Personnel

It feels like Aaron White has been around the Big Ten forever now and the 6-foot-9 senior is having the best season of his career. He’s using 24% of Iowa’s offensive possessions with a 125.5 offensive rating while shooting 57% on twos and 29% on threes. There are two keys to stopping White: a) don’t foul him b) keep him out of transition.

White scores 1.4 points per transition possession, good for the 90th percentile nationally, and has already scored 102 points in transition — one of the best marks in the Big Ten. He also attempts a ridiculous 89 free throws per 100 field goal attempts, the best free throw rate for a Big Ten player in years (his sophomore year FTR of 86% is the next best in the KenPom era). In conference play, he’s attempted more free throws than field goals.

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White is joined on the wing by another 6-foot-9 forward, Jarrod Uthoff. Uthoff leads Iowa in three-point makes (33 of 89, 37%), but is shooting only 42% on twos. He’s also an above-average shot blocker. Uthoff is the only Iowa player to have made more than seven three-pointers in Big Ten games this season at 13 of 36. (For comparison, five Wolverines have made at least 7 threes in Big Ten games this season).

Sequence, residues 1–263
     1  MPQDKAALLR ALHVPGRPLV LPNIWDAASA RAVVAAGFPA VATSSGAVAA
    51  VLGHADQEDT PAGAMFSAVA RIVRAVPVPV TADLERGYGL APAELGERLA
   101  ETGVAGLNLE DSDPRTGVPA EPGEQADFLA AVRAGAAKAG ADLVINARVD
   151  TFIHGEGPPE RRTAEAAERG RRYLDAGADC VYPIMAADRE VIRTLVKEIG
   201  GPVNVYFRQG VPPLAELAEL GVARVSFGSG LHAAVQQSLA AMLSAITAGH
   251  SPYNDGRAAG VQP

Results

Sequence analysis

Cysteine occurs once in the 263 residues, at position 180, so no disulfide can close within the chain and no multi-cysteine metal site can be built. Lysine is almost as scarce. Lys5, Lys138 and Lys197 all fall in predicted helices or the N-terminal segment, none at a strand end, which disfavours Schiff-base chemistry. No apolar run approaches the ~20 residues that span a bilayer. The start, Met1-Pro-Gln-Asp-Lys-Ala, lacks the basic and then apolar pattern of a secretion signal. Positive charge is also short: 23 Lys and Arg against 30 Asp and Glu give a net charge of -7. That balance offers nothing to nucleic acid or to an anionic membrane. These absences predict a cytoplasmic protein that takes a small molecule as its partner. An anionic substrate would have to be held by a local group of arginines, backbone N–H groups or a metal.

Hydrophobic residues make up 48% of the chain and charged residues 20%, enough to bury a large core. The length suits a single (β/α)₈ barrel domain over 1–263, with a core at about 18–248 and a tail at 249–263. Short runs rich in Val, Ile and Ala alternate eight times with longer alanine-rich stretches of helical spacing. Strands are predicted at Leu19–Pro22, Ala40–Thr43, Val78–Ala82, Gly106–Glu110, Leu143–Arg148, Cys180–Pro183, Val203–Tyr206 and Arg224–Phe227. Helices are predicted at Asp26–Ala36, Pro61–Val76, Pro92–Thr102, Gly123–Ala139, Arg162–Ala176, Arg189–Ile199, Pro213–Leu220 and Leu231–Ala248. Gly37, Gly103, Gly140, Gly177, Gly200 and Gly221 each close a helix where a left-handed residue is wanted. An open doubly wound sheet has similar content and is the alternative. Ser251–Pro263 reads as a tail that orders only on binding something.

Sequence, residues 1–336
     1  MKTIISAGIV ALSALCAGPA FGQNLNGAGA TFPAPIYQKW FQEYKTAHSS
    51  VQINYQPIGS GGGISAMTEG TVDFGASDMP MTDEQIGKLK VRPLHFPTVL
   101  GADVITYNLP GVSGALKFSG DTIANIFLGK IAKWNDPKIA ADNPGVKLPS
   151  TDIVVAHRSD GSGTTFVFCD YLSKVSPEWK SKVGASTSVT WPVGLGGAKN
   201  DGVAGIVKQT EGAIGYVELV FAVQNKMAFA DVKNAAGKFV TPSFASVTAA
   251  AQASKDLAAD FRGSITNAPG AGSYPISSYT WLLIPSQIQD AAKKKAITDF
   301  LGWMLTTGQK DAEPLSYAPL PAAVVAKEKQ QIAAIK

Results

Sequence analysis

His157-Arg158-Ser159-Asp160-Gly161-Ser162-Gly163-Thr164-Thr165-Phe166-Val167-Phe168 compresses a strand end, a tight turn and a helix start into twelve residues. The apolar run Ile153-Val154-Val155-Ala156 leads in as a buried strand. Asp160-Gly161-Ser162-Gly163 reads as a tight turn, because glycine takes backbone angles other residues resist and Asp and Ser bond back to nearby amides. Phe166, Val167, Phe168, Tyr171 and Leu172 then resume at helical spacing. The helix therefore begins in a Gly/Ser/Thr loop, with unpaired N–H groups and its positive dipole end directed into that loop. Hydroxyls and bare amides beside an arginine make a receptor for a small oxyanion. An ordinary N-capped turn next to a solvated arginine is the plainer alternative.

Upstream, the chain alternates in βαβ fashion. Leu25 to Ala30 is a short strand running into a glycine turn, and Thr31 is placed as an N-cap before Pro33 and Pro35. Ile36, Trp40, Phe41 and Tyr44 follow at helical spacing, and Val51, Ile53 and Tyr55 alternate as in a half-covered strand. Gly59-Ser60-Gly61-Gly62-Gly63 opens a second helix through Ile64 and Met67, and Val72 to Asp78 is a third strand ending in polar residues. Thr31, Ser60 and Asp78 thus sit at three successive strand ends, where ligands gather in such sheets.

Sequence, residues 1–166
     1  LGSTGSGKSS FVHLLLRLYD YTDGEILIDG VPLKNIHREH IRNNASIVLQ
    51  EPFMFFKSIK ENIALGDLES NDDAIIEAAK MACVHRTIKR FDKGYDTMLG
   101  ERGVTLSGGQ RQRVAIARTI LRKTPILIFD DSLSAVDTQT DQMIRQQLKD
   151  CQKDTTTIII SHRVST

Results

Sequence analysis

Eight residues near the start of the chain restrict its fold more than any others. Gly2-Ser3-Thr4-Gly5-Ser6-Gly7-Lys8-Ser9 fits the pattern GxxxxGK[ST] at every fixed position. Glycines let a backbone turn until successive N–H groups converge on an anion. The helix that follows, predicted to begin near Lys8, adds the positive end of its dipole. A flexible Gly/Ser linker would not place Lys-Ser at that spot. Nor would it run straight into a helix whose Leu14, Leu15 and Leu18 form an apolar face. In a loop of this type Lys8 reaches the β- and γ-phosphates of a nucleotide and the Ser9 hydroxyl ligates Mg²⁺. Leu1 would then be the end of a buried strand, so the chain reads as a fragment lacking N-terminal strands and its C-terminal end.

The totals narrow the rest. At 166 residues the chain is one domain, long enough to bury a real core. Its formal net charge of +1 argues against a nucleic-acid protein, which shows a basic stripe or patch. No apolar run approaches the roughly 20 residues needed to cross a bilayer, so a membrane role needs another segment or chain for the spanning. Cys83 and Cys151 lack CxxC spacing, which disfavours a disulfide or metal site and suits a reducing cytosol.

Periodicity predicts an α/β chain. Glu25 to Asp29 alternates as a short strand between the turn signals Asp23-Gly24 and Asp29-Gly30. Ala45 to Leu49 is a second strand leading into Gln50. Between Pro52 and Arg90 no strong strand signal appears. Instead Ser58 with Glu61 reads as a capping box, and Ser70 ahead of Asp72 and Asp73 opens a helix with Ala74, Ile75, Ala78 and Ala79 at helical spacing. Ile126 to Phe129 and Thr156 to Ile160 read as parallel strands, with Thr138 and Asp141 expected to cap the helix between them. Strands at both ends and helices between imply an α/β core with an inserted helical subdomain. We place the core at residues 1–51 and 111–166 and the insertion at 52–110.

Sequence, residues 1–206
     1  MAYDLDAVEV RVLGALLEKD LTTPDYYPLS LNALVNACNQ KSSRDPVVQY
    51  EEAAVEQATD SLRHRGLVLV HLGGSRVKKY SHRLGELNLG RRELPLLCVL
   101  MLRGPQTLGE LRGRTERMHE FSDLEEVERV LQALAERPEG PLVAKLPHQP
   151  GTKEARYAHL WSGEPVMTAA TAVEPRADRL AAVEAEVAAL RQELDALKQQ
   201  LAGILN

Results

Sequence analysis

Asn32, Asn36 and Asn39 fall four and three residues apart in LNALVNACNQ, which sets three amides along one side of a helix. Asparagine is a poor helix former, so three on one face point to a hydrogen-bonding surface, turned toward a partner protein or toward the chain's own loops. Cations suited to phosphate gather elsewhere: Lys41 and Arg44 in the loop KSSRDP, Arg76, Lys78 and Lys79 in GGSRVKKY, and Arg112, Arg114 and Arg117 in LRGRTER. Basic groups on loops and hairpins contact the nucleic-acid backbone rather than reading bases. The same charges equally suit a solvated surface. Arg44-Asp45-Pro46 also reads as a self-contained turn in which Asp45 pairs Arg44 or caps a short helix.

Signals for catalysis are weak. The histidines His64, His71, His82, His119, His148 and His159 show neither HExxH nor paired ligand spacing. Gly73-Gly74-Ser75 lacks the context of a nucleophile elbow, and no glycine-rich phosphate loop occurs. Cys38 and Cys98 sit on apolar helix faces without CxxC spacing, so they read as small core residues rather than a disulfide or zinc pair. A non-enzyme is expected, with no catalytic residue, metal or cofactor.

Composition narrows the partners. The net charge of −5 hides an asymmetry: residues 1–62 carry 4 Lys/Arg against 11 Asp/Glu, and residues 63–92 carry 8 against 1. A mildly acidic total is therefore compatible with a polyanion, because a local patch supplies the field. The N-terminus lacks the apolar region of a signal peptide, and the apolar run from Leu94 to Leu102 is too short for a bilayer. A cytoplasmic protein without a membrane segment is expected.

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Whether it’s poking people in the eyes or cheating on jumpballs, Adam Woodbury’s reputation as one of the sneakiest (and potentially dirtiest) players in the Big Ten grows by the day. Woodbury’s offensive numbers have regressed this season, but his defensive rebounding has improved. The 7-foot-1 center is shooting on 59% on twos this season while averaging 6.9 points and 5.4 rebounds per game.

Woodbury splits frontcourt minutes with Gabriel Olaseni, and the 6-foot-10 big man has better peripheral statistics than Woodbury almost acorss the board. He’s a better offensive rebounder, better shot blocker, shoots 55% on twos, draws more fouls, makes a better percentage of his free throws and is only a slightly worse defensive rebounder.

6-foot-2 juniors Mike Gesell and Anthony Clemmons are Iowa’s primary ballhandlers and lead guards. Gessell is the much better distributor with a 31% assist rate, but he shoots just 44% on twos and 29% on threes. Clemmons is the better shooter, 43% on twos and 36% on threes, but  has also struggled with turnovers at times.

6-foot-6 wing Peter Jok stepped into the starting lineup in mid-December, but hasn’t been the most efficient offensive player. He’s shooting 33% on twos and 33% on threes in Big Ten games and the majority of his offense comes off of spot up possessions or screens. He leads the Hawkeyes in steal rate in Big Ten play, but isn’t much of a creator.